So, I can happily stop with 27 chapters and 23,483 words written.

lessons from my father

In honor of father’s day, I thought I would make a short list of things I’ve learned from my father. It occurs to me as I go through my day-to-day life that the lessons are immeasurable and invaluable:

  1. You can train yourself not to hate.
  2. Judgment is not our responsibility. Love simply and completely without judgment.
  3. There is great honor in all work.
  4. Liking and loving are two entirely different things. Choose who you like and love everyone.
  5. Don’t say what you don’t believe.
  6. “I think. I can.”
And my current favorite:
I have no idea what we were talking about, but I had to have been a teenager. We were trying to make a decision about something, and my father says, “I talked it over with myself, and I agreed.”
So #7 is even if you’re standing alone, agreeing with yourself is more than enough to carry on.
Happy Father’s Day!

staring: on writing

A friend and I have been listening to commencement speeches and sending them back and forth. The recent habit was inspired by a speech we listened to together. It was awful.

(The truth is, though, that there are some really great speeches out there. John Legend’s at the University of Pennsylvania from a few years back is probably my all time favorite. From it comes one of my favorite things to think about: the collision of sound and silence.)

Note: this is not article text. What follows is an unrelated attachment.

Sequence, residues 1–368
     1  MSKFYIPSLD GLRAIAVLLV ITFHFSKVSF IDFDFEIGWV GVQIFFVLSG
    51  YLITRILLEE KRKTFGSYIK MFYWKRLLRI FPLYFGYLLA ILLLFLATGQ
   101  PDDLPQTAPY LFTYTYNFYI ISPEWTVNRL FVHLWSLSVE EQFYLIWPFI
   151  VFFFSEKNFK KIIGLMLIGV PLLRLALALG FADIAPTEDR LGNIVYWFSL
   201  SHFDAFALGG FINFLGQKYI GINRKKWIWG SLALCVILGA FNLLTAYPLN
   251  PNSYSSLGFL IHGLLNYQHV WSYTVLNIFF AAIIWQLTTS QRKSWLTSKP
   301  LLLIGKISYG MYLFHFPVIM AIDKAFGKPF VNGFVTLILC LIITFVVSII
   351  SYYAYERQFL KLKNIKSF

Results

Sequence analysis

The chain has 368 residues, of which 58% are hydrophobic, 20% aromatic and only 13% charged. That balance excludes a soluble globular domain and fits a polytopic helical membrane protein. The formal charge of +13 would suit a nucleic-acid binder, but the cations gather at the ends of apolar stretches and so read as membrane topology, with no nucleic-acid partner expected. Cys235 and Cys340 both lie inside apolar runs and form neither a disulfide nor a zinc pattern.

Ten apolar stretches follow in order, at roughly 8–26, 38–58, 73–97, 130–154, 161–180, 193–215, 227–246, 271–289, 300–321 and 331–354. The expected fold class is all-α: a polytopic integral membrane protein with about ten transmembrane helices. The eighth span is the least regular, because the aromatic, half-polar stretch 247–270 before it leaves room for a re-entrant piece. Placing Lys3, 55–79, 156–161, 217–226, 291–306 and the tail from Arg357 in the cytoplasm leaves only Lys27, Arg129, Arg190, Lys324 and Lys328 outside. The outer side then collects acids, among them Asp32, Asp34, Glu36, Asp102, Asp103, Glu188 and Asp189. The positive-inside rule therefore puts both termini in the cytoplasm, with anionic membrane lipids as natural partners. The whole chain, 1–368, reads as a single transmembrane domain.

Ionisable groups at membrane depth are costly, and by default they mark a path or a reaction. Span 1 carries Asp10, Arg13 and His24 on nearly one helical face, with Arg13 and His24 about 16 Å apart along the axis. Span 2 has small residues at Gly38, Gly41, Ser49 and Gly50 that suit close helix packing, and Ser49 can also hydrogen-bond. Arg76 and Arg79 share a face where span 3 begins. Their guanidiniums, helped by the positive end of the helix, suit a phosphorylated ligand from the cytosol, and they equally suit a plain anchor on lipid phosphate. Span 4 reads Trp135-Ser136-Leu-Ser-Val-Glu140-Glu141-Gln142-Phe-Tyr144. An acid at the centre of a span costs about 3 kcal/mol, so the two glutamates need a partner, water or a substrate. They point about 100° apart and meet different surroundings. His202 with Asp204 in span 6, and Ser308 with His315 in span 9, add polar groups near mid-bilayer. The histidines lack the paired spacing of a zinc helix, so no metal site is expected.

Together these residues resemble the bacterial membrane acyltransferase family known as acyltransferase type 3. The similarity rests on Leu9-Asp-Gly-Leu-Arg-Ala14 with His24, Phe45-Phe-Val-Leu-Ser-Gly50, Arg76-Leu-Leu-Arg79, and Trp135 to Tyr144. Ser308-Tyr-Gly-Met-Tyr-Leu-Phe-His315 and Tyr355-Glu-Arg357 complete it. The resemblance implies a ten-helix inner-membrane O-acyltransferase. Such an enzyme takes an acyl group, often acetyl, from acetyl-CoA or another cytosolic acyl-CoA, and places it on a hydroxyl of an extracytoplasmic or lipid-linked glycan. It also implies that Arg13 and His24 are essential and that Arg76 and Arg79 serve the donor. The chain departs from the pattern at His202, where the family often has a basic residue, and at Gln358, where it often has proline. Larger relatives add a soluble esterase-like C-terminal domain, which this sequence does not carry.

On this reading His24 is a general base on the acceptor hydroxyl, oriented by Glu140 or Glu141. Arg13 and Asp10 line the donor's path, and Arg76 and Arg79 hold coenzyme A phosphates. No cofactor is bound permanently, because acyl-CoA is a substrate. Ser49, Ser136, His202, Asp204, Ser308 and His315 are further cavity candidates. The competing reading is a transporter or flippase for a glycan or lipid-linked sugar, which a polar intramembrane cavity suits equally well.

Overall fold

A couple of days ago, I found Ann Patchett’s commencement address given at Sarah Lawrence in 2006. I loved this for this moment in my life because she talks about the journey of a writer.

What I found (funniest) most interesting was the concept of staring and how much time a writer spends staring.

Yesterday, I went to wash my car. I use one of those places where you put the quarters in the machine and wash it on your own with this little spray hose thing. Next to this place is an alley. And across from the alley was an apartment building. It was not very well-kept and on the door nearest to me was spray painted APT 3. It wasn’t well done. And I imagined that one day someone just got sick of knocks on the door asking for Apartment 1 and grabbed a spray can and wrote with loud, big, sloppy words. So there, it says.

On the steps sat a man. Hair every which way. Long beard. Smoking. A Jesus-looking figure, if you will. Minus the cigarette. So, as I dried the car, I stared at him. And from that staring came this entire story. An estranged daughter. An all-too-helpful son-in-law. A lifetime of struggles.

And then my mind went to something my father said to me last week. Your imagination is a little out of control.

It is.

When I sat down last night to get my chapters in on Lucha, I realized that my transition from the previous activity (in this case the Dodgers & yoga) requires staring. At nothing. Stare. Stare. Stare. Then, the words comes. Easily, really. And they don’t stop.

There’s really a lot to be said for staring.